Cells expressing the herpes simplex-thymidine kinase (HS-TK) gene as a consequence of retroviral transduction, as well as TK-negative (TK-) bystander cells, can be killed by treatment with ganciclovir (GCV). In vitro, this "bystander effect," has been attributed to metabolic cooperation through gap junctions or to the uptake of apoptotic vesicles. We show that GCV treatment kills TK-negative U-87 glioma cells cocultured with cells that express TK (TK+) but that have lost the capacity for releasing retroviral particles. A photometric enzyme immunoassay identifies histone-associated DNA fragments, typical of apoptosis, in the cytosol of GCV-treated TK+ cells, and apoptotic features are also demonstrated by ultrastructural studies. Northern blot analysis and the reverse transcription polymerase chain reaction (PCR) show that connexin 43, a major constituent of gap junctions, is expressed in TK+ and U-87 cells. The size of U-87 tumors in nude mice subsequently injected with TK+ cells and GCV is not significantly different than in untreated animals; whereas, after injecting 1:1 mixtures of U-87 and TK+ cells, GCV treatment only causes a temporary regression of tumor growth. On the contrary, when the injected mixtures contain PA317.STK.SBA (a retroviral producer cell line that can transduce efficiently the HS-TK gene) and U-87 cells, tumors are destroyed effectively by GCV treatment. Thus, an experimental setting in which U-87 gliomas are matched with cells that are able to express, but not to transduce, the HS-TK gene indicates that the bystander effect kills U-87 cells in vitro by mechanisms associated with apoptotic death. In vivo, this effect is not sufficient to restrain the tumor growth taking place in immunodeficient animals.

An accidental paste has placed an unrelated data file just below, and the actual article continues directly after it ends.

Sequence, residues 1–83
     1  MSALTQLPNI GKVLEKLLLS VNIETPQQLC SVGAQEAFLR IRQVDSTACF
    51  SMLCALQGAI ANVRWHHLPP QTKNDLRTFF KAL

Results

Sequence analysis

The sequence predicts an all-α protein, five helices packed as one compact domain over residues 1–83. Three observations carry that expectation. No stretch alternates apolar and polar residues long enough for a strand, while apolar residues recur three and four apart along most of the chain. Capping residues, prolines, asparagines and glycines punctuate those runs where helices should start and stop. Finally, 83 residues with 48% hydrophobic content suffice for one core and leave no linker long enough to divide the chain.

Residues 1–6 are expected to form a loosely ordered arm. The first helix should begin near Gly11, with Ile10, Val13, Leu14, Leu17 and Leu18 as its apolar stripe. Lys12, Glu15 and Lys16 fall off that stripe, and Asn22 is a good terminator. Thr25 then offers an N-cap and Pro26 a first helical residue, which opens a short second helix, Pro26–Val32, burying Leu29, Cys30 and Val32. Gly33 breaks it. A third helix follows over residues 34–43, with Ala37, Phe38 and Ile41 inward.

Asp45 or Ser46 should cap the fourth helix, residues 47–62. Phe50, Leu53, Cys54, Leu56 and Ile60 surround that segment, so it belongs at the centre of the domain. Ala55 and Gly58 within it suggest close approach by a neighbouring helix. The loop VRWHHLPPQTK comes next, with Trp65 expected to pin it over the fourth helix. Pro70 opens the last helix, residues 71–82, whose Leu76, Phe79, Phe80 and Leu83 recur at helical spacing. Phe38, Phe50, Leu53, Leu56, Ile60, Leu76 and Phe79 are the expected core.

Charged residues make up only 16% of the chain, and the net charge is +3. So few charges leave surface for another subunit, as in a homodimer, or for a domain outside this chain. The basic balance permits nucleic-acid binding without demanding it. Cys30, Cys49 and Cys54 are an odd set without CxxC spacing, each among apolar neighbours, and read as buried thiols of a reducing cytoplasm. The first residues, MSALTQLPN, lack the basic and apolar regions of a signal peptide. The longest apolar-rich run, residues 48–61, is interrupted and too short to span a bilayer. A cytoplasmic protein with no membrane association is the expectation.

|Number of pages||10|
|Journal||Human Gene Therapy|
|Publication status||Published - Jun 1995|
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